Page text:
- 42. Goethe R, Basler T, Phi-van L (2007) Regulation of C/EBPbeta mRNA expression and C/EBPbeta promoter activity by protein kinases A and C in a myelomonocytic cell line (HD11). Inflamm Res 56: 274–281.
- 43. Solito E, de Coupade C, Parente L, Flower RJ, Russo-Marie F (1998) Human annexin 1 is highly expressed during the differentiation of the epithelial cell line A 549: involvement of nuclear factor interleukin 6 in phorbol ester induction of annexin 1. Cell Growth Differ 9: 327–336.
- 44. Yang Y, Pares-Matos EI, Tesmer VM, Dai C, Ashworth S, et al. (2002) Organization of the promoter region of the human NF-IL6 gene. Biochim Biophys Acta 1577: 102–108.
- 45. Agresti A, Scaffidi P, Riva A, Caiolfa VR, Bianchi ME (2005) GR and HMGB1 interact only within chromatin and influence each other's residence time. Mol Cell 18: 109–121.
- 46. Descombes P, Schibler U (1991) A liver-enriched transcriptional activator protein, LAP, and a transcriptional inhibitory protein, LIP, are translated from the same mRNA. Cell 67: 569–579.
- 47. Phelps WC, Munger K, Yee CL, Barnes JA, Howley PM (1992) Structure-function analysis of the human papillomavirus type 16 E7 oncoprotein. J Virol 66: 2418–2427.
- 48. Sugita S, Kohno T, Yamamoto K, Imaizumi Y, Nakajima H, et al. (2002) Induction of macrophage-inflammatory protein-3alpha gene expression by TNF-dependent NF-kappaB activation. J Immunol 168: 5621–5628.
- 49. Imaizumi Y, Sugita S, Yamamoto K, Imanishi D, Kohno T, et al. (2002) Human T cell leukemia virus type-I Tax activates human macrophage inflammatory protein-3 alpha/CCL20 gene transcription via the NF-kappa B pathway. Int Immunol 14: 147–155.
- 50. Fujiie S, Hieshima K, Izawa D, Nakayama T, Fujisawa R, et al. (2001) Proinflammatory cytokines induce liver and activation-regulated chemokine/macrophage inflammatory protein-3alpha/CCL20 in mucosal epithelial cells through NF-kappaB [correction of NK-kappaB]. Int Immunol 13: 1255–1263.
- 51. Jackson S, Harwood C, Thomas M, Banks L, Storey A (2000) Role of Bak in UV-induced apoptosis in skin cancer and abrogation by HPV E6 proteins. Genes Dev 14: 3065–3073.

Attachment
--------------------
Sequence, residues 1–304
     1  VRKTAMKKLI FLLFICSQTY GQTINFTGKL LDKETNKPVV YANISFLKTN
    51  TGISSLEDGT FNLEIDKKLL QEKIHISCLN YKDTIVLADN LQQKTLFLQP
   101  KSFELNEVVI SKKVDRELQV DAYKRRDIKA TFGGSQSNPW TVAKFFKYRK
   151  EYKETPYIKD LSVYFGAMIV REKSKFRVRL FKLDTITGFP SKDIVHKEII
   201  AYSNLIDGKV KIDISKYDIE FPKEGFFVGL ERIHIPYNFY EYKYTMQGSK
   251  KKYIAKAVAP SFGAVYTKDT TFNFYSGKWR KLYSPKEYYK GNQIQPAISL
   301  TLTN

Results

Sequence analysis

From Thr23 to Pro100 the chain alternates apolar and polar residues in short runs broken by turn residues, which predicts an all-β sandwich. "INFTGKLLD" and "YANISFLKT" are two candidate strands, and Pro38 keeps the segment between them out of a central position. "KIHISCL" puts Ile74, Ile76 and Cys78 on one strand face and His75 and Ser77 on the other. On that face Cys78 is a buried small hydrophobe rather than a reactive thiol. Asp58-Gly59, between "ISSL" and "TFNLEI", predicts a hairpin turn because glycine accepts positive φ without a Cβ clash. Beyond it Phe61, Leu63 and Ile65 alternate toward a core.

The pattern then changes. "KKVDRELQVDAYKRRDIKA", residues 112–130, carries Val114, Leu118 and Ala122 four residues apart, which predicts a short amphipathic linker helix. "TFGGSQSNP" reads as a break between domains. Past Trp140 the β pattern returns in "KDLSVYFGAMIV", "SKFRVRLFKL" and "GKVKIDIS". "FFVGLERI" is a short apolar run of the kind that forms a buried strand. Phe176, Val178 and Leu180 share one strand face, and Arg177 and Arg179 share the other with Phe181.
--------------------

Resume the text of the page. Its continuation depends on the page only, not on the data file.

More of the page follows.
- 52. Muller C, Alunni-Fabbroni M, Kowenz-Leutz E, Mo X, Tommasino M, et al. (1999) Separation of C/EBPalpha-mediated proliferation arrest and differentiation pathways. Proc Natl Acad Sci U S A 96: 7276–7281.
- 53. Guess JC, McCance DJ (2005) Decreased migration of Langerhans precursor-like cells in response to human keratinocytes expressing human papillomavirus type 16 E6/E7 is related to reduced macrophage inflammatory protein-3alpha production. J Virol 79: 14852–14862.
- 54. Caberg JH, Hubert P, Herman L, Herfs M, Roncarati P, et al. (2009) Increased migration of Langerhans cells in response to HPV16 E6 and E7 oncogene silencing: role of CCL20. Cancer Immunol Immunother 58: 39–47.
- 55. Dreier K, Scheiden R, Lener B, Ehehalt D, Pircher H, et al. (2011) Subcellular localization of the human papillomavirus 16 E7 oncoprotein in CaSki cells and its detection in cervical adenocarcinoma and adenocarcinoma in situ. Virology 409: 54–68.
- 56. Massimi P, Pim D, Banks L (1997) Human papillomavirus type 16 E7 binds to the conserved carboxy-terminal region of the TATA box binding protein and this contributes to E7 transforming activity. J Gen Virol 78(Pt 10): 2607–2613.
- 57. Zwerschke W, Mazurek S, Massimi P, Banks L, Eigenbrodt E, et al. (1999) Modulation of type M2 pyruvate kinase activity by the human papillomavirus type 16 E7 oncoprotein. Proc Natl Acad Sci U S A 96: 1291–1296.